We see starting in verse 12 the idea that Christians can have an unbelieving (evil) heart that causes us to fall away from the living God. Clearly, the author of Hebrews is writing to Jewish believers (thus the name of the book). He calls them “brethren” identifying himself with them.

The author wants them to know that just as their forefathers failed to believe God (to take Him at His Word) in the wilderness, they also could fall prey to the same thing. Because the author of Hebrews refers to the Old Testament so often in this book, it is clear that he is speaking to Jewish believers, who would also be very familiar with the history of Israel as related in the OT. This is not to say that these truths do not also apply to Christians as well though.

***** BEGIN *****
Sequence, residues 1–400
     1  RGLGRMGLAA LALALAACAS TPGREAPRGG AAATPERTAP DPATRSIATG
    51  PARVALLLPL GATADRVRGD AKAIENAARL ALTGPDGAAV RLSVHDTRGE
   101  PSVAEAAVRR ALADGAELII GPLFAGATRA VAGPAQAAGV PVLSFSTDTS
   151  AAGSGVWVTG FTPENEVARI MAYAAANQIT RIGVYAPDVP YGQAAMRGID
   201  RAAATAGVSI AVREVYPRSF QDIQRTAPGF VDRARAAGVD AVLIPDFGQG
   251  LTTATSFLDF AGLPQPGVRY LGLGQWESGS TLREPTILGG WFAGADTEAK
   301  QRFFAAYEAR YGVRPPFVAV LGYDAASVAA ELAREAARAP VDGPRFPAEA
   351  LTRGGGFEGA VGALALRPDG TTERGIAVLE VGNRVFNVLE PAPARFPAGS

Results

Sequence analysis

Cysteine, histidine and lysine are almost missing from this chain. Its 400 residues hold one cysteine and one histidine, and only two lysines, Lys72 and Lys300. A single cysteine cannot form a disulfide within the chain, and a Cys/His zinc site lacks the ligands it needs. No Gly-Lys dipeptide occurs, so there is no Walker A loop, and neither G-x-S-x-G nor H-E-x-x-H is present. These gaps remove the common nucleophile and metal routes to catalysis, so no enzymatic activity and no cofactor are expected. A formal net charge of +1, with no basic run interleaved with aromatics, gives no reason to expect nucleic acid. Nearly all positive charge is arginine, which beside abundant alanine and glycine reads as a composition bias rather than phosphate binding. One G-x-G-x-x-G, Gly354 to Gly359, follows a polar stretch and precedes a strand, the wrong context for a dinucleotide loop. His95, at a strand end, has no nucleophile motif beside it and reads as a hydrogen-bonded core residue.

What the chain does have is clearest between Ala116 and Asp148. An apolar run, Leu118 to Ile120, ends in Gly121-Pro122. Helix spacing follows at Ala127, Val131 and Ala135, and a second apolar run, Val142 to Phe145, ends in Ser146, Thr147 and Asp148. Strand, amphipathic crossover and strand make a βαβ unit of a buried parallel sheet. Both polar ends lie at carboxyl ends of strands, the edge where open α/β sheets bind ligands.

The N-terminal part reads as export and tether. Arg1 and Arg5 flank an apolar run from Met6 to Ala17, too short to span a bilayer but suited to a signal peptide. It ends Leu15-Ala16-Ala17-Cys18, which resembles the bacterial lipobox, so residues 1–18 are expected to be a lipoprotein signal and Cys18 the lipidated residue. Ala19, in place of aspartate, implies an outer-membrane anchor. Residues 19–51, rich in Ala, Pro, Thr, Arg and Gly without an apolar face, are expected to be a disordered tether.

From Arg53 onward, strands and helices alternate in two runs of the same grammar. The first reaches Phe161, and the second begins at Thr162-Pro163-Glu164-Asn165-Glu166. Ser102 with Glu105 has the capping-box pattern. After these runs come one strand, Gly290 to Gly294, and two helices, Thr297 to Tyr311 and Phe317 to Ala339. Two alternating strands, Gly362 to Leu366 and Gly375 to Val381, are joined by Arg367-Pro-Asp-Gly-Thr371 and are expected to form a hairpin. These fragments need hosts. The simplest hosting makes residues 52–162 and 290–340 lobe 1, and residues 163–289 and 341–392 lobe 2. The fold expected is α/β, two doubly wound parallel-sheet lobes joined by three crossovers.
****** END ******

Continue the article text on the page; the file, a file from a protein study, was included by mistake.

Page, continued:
In essence, the author of Hebrews seems to be saying that Christians (whether Jewish or Gentile) could give in to unbelief. This stems from an evil heart or the propensity of our heart (will) to give into temptation to deny God’s truth or to stop believing Him. I realize that some who are reading this might be vehemently disagreeing with me at this point, but give me a few moments to flesh this out, if you would.